sad goodbyeIn a blend of contradictory emotions – from ecstasy to torture – human beings repeatedly demonstrate an addiction to love much the same as an addiction to, say, nicotine or cocaine.

That’s not surprising, since the same reward circuitry in the brain reinforces both.   Feeling good comes from neuro- and biochemicals, too, like oxytocin and seratonin.

Love’s intense longing and pining are singularly human and serve an evolutionary purpose:  no better way to get a guy and gal to stay together through insemination, birth, and the first year of an infant’s life than to be inextricably bind them by strong emotions.

What’s often forgotten in the blush and rush is that love is never enough, and that the newness of passion doesn’t last.

Mapping the heart and soul of love is as uncharted as  universes we’ve yet to imagine; where jealousy, fear, uncertainty, suspicion, anger, and even hopefulness are common.  It’s the same joy and the same pain that was described in a 4,000 year old Sumerian love poem, Shakespeare’s 400 year old description of Antony’s love for Cleopatra, and the love pangs heard in the 40 year old love songs of The Beatles.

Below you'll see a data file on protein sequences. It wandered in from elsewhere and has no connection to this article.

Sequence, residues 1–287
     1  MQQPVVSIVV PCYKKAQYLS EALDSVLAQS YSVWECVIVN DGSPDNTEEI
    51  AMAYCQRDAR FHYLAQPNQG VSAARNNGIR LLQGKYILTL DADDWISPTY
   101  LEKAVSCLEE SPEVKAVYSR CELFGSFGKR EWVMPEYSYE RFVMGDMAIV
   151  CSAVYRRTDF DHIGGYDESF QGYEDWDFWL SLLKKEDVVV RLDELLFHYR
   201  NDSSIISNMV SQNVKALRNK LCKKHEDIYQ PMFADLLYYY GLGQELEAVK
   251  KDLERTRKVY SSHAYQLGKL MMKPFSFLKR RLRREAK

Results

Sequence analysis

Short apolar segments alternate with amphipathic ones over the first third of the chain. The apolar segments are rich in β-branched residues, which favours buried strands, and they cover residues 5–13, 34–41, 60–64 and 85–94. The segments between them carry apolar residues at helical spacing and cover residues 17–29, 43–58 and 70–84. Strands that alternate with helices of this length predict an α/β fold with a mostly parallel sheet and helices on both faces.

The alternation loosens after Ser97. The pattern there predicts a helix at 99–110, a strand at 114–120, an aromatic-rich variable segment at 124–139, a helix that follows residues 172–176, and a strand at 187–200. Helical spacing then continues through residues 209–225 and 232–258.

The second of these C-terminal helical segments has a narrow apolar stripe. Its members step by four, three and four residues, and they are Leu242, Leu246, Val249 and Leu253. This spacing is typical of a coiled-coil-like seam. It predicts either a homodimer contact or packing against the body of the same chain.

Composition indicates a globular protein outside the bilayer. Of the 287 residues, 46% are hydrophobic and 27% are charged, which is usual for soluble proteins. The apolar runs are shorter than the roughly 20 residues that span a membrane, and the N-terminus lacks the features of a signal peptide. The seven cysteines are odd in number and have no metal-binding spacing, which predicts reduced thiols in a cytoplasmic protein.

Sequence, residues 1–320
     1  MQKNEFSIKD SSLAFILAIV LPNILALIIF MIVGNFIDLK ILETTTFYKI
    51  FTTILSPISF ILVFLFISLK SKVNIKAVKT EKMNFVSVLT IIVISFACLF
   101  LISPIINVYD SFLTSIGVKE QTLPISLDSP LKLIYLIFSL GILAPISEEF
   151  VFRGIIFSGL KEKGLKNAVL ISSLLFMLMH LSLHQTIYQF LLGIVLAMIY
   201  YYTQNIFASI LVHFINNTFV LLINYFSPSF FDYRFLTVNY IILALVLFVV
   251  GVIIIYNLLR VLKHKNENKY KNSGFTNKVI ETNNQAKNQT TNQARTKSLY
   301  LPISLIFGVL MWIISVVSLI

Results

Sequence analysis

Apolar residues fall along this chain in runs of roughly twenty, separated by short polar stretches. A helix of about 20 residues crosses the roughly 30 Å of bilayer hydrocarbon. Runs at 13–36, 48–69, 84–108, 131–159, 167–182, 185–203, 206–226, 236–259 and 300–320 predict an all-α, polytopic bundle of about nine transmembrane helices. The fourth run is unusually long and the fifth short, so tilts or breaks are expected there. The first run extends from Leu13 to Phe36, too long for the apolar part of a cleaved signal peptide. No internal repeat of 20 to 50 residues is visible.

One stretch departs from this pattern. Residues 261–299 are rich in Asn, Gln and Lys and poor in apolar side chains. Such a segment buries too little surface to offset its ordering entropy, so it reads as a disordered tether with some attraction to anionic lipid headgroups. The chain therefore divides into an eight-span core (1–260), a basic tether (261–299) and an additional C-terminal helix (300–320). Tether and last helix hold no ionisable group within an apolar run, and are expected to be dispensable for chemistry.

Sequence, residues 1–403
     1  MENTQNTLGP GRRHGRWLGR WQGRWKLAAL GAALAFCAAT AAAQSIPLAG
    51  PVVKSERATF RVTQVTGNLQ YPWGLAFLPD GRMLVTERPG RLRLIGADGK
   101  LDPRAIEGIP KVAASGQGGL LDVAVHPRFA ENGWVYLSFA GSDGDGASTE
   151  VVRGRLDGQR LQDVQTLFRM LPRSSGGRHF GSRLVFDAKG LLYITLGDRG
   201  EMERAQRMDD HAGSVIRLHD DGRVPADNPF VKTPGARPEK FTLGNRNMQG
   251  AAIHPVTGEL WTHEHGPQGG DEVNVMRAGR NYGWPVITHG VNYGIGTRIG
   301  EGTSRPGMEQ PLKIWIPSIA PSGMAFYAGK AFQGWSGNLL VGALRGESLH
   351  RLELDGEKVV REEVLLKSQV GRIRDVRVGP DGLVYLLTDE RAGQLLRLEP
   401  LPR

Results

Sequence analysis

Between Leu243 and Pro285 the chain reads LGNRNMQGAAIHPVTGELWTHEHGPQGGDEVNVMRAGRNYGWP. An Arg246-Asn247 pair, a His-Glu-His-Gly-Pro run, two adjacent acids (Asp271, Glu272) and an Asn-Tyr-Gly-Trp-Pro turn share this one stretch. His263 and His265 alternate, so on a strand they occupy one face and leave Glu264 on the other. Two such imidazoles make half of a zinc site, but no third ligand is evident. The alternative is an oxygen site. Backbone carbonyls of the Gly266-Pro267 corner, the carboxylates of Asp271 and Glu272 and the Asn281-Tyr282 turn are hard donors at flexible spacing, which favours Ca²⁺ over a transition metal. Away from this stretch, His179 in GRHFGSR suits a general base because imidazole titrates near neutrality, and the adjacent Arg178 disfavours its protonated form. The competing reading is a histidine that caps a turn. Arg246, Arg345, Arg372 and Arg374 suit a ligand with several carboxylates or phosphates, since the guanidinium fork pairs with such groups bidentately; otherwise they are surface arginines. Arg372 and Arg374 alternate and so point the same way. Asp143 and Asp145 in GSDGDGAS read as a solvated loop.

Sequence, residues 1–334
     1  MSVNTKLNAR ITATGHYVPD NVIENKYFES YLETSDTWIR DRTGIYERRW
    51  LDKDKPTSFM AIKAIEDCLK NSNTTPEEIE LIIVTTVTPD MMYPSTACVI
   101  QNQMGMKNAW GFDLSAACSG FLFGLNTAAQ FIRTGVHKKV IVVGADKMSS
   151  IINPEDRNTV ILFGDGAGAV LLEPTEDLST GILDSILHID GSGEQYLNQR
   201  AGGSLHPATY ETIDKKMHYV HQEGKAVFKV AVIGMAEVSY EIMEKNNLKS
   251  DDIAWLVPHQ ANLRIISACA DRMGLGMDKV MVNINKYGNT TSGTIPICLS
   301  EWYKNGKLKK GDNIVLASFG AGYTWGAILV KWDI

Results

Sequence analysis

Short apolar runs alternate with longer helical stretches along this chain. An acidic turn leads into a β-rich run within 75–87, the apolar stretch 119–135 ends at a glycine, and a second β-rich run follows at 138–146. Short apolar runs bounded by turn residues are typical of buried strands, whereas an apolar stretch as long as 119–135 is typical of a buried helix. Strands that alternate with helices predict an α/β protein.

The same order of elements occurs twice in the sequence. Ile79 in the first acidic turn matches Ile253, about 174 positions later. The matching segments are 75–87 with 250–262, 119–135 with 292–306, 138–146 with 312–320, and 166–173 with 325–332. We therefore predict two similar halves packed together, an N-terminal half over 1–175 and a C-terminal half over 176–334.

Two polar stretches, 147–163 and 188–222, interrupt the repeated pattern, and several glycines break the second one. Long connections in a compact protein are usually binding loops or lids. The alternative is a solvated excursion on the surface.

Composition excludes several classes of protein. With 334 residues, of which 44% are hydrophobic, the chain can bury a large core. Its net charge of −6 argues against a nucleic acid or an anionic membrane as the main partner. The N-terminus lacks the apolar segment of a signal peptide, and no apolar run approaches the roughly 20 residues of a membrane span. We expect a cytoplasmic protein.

All parts of society – from healthcare providers to legal and educational institutions — see the ramifications every day of love gone wrong.   Heartbreak affects society in increased illness and medical costs as well as lowered work production. Worst of all, relationship difficulties can result in poorly regulated and passion-fueled acts: verbal and physical abuse, violence, broken families, and children who grow up to repeat the same heartbreaks as their parents.

It’s a testament to our profound complexity that it’s still a mystery how love can lead to the very real, physical aching of a heart in love.

Specializing in couples work, Kathe Skinner is a Colorado Marriage & Family Therapist and Relationship Specialist.  For over 13 years, she and her husband, David, have conducted Couple Communication Workshops for hearts breaking because of poor communication.  Married for almost 30 years, one of the first questions Kathe ever asked David was if he’d ever had a broken heart.  Find the schedule for their next Couple Communication Workshop at where you can also find out more about each of them.

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© 2014 Being Heard

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